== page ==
(Reuters) – Walt Disney Co (DIS.N) plans to reopen the world’s largest theme park, Walt Disney World, in phases beginning on July 11, if the governor of Florida approves.
FILE PHOTO: Disney’s Magic Kingdom theme park is seen empty of visitors after it closed in an effort to combat the spread of coronavirus disease (COVID-19), in an aerial view in Orlando, Florida, U.S. March 16, 2020. REUTERS/Gregg Newton
Disney wants to reopen Magic Kingdom and Animal Kingdom on July 11 and Epcot and Hollywood Studios on July 15, according to Jim MacPhee, senior vice president of operations for the Walt Disney World Resort, who presented plans during a webcast meeting.
The successful reopening of its parks is a signal event for Disney and the rest of the world as governments and companies strategize how to move out of lockdown while the novel coranavirus is still a threat.
After MacPhee’s presentation, an Orange County task force OK’d the plan, sending it to Florida Governor Ron DeSantis for final approval.
When the Disney parks reopen, guests and employees will be required to wear masks and undergo temperature checks. The resort will suspend parades, fireworks displays and other activities that create crowds. It will “enable and encourage” contactless payment systems, and expand its existing mobile order systems in restaurants.
Disney plans to restrict the number of guests, who will be required to reserve their park passes ahead of time. Park guests will be greeted by signs such as “HELP US PROTECT THE MAGIC PLEASE LIMIT HANDLING OF THE PRODUCT, IF ASSISTANCE IS NEEDED, PLEASE ASK A CAST MEMBER.”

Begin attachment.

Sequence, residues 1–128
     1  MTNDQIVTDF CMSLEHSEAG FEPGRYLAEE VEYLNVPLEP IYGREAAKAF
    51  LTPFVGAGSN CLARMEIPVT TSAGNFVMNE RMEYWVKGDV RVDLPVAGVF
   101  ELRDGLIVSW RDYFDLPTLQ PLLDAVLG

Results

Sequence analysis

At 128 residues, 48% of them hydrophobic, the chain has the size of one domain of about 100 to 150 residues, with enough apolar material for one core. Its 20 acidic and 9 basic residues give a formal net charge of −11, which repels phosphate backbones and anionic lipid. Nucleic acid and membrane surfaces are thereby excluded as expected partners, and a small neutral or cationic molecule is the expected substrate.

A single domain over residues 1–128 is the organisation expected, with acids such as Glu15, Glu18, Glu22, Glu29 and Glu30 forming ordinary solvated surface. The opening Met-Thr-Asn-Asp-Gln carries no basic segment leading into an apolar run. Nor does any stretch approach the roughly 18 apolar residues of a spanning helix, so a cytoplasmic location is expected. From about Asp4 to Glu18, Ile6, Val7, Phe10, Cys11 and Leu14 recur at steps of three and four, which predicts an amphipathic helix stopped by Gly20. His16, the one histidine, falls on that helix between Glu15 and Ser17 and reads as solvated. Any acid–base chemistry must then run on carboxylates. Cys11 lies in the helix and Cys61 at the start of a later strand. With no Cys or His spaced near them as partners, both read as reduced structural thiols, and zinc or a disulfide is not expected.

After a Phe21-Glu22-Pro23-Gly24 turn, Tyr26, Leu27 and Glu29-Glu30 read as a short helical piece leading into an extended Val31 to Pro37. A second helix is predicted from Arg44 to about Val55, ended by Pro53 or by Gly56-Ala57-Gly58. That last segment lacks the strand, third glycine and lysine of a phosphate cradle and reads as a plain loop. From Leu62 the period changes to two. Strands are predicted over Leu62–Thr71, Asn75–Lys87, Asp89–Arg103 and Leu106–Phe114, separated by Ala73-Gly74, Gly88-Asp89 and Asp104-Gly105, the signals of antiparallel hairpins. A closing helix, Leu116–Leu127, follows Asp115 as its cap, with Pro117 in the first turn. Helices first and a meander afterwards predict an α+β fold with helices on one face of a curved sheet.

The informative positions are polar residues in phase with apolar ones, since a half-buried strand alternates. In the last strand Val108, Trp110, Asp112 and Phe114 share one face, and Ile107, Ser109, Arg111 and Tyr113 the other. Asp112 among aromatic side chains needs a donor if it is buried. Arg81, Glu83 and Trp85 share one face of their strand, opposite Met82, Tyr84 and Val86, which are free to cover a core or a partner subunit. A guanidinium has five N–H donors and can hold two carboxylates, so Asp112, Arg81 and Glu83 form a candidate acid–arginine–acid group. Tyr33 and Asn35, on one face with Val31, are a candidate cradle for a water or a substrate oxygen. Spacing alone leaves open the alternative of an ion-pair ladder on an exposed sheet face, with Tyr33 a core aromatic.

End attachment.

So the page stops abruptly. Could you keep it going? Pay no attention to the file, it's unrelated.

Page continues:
Starting in January, Disney closed theme parks around the world to help curb the spread of the novel coronavirus.
On Wednesday, Disney Chief Executive Officer Robert Chapek told CNBC the company currently has about 20,000 people per day visiting Shanghai Disneyland, which reopened on May 11 with mandatory masks, temperature screenings and social distancing for visitors and employees.
Disney will soon reveal plans for reopening its Anaheim, California, Disneyland amusement park, the company’s original themed attraction, according to a company spokeswoman.
Welcoming visitors again to its parks is key to Disney’s recovery from the global shutdowns sparked by the pandemic. Disney has estimated it lost $1 billion (816.2 million pounds) at its theme parks division from January through March.
Disney’s four Walt Disney World theme parks attracted 157.3 million visitors in 2018, according to the Themed Entertainment Association trade group.
Reporting by Helen Coster in New York and Lisa Richwine in Los Angeles; Editing by Anil D’Silva and Jonathan Oatis